Conventional wisdom says debt makes us unhappy. But psychologists say we control our own financial satisfaction — whether or not we’re in the red.
The common conceptions of debt are that it’s a drag, a burden, a stressor — and that having debt makes you unhappy. And yes, paying down debt requires discipline, which is nobody’s idea of fun. But, there’s a bright side: How we work to get out of debt can pay off in more ways than financial. Being proactive about paying down debt could actually make us feel more satisfied and happier.
In a Marcus by Goldman Sachs® commissioned study on debt, about half of the respondents said they felt in control of their credit card debt. That group was more than twice as likely to say they felt satisfied with their finances than respondents who said they did not feel in control of their credit card debt. They were also more likely to describe themselves as hopeful, confident, and happy. On the flip side, those who did not feel in control were more likely to describe themselves as stressed, burdened, and insecure.
Note that the difference isn’t whether they had credit card debt or not; it’s whether they felt in control of it.
To feel good about your money, what really matters is seeing yourself in the driver’s seat. If you have credit card debt, making a plan to get out of it can help you feel less stressed. If you wish you could make more money, finding ways to get the most out of what you do have can make your finances feel more manageable. Essentially, when it comes to the emotional impact of your financial situation, it pays to remember that you’re in charge.
One factor that determines financial satisfaction is where you put responsibility for your situation. If you have an internal sense that you have the power to influence what happens to you, you’re able to focus your energy on doing just that. But if you believe external factors play a dominant role, you’re more likely to feel out of control.
“You feel the outcomes in your life are unrelated to what you do or don’t do, so there’s a sense of powerlessness or hopelessness,” says Brad Klontz, financial psychologist and associate professor at Creighton University.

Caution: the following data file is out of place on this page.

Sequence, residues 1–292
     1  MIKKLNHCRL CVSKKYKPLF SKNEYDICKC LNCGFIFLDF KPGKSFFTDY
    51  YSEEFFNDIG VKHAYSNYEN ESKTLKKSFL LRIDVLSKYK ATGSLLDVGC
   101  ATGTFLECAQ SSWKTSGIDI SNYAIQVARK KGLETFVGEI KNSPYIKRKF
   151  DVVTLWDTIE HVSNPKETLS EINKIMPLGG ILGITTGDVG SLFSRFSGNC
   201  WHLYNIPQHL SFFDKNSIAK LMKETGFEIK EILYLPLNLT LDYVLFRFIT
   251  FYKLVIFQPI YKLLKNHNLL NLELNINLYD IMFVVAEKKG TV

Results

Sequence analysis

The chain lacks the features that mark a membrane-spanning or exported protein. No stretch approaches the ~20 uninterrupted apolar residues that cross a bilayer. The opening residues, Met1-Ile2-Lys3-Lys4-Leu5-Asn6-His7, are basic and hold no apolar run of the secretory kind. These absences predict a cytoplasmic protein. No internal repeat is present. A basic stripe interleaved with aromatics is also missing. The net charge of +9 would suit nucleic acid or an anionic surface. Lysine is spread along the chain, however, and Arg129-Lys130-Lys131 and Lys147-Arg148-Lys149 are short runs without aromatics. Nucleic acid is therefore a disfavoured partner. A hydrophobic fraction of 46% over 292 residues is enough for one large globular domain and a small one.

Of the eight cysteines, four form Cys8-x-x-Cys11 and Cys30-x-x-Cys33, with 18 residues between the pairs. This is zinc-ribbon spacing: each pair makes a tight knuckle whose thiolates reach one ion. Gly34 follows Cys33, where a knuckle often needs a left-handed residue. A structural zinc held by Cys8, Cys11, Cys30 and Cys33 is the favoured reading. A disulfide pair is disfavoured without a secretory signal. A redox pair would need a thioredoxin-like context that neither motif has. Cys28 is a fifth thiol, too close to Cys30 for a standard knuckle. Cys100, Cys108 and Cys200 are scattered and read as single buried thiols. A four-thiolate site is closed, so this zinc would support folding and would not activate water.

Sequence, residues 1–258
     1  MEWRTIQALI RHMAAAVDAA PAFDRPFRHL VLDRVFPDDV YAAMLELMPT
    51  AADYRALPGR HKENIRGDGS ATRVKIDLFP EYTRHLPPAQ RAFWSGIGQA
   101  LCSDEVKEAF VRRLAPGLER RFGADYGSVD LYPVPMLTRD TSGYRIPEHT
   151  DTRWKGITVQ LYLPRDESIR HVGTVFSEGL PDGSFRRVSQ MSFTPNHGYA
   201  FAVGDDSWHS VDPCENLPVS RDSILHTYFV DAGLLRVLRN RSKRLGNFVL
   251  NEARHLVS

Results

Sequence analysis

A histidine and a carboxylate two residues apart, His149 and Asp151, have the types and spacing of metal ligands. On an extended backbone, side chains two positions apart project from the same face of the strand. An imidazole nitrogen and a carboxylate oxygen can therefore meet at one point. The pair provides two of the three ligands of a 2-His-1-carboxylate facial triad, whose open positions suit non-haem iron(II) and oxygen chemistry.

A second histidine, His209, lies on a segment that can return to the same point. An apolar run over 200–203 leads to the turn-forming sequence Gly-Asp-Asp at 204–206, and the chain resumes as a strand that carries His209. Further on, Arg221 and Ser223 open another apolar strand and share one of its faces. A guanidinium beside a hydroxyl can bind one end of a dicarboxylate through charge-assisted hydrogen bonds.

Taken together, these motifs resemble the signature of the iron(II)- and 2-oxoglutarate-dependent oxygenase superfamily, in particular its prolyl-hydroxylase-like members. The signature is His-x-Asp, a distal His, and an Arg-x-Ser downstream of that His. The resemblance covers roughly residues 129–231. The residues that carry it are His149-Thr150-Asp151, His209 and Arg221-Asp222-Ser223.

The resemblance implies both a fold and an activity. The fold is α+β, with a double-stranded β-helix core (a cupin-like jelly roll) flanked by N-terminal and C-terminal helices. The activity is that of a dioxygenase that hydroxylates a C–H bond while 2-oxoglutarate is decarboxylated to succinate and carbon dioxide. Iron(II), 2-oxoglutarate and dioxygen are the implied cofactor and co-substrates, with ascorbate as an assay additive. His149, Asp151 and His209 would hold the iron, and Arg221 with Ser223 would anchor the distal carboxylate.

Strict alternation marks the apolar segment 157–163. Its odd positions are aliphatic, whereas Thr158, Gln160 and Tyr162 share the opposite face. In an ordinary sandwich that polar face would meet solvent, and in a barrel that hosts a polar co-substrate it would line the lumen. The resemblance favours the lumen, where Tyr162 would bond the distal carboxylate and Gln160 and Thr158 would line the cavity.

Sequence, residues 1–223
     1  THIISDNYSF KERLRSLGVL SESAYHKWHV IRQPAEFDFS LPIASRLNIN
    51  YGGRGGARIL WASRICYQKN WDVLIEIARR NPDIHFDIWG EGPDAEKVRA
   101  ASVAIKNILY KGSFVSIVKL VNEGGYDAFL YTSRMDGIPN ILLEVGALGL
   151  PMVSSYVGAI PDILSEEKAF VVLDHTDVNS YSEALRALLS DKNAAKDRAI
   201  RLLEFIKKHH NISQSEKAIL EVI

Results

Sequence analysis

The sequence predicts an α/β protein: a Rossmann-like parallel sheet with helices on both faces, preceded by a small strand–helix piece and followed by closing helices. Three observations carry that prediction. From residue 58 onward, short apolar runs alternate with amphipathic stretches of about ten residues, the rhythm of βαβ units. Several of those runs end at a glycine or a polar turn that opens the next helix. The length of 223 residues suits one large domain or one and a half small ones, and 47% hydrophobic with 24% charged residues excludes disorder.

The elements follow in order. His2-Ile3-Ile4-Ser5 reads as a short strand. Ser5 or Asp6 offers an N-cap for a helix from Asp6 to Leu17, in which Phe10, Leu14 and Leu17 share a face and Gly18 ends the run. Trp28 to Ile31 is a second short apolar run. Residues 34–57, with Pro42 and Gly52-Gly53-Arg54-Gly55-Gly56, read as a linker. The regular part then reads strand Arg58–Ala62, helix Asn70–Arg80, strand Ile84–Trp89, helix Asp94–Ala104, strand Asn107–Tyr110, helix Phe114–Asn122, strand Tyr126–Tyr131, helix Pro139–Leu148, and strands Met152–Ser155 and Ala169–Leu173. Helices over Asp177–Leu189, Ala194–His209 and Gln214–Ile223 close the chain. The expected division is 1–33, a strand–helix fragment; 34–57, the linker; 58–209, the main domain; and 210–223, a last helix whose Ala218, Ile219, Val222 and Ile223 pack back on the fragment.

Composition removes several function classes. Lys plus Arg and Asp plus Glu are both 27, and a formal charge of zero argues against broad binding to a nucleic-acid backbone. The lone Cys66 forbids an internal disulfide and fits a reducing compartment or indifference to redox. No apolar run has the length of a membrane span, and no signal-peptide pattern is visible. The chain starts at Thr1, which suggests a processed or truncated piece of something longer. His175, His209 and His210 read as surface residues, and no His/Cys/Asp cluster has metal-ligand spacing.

Klontz says the distinction is similar to the difference between guilt and shame. “Guilt is, I did something wrong, and shame is, I am something wrong,” says Klontz. “Guilt is actually a healthy psychological emotion, because it inspires you to make repairs. Shame says that there’s something wrong with me, and that’s not very energizing — that saps your energy.”
Jennifer O., of Austin, Texas, is one example of this idea in action. Eleven years ago, early in her marriage, Jennifer realized that she and her husband had $20,000 in debt, which they tallied in a three-ring binder. In the first step of a focused, two-year journey to paying it off, Jennifer, acknowledged she had accrued debt because she’d been living beyond her means, and her husband, owned up to not paying enough attention to his finances.
At first Jennifer says they felt overwhelmed. “It seemed impossible,” she says. “We were disappointed we’d gotten ourselves so deep in debt, but it felt good to write it down and have a plan.”
As Jennifer and her husband set out to pay down their debt, they got creative — and strategic. For instance, they found deals that not only gave them access to a service free for 30 days but also threw in a gift card to a department store or the grocery.
Jennifer was careful to keep track of these deals in a notebook so they were sure to get the maximum savings without being hit with additional charges after the promotional period. If a local restaurant offered a buy-one-get-one appetizer special, they would eat there for $20, rather than dine with friends for $80. To save on heating and air conditioning, they closed off vents and shut doors in their house. Jennifer says wherever they found unnecessary spending in their daily lives, they took steps to cut back, which ensured debt control.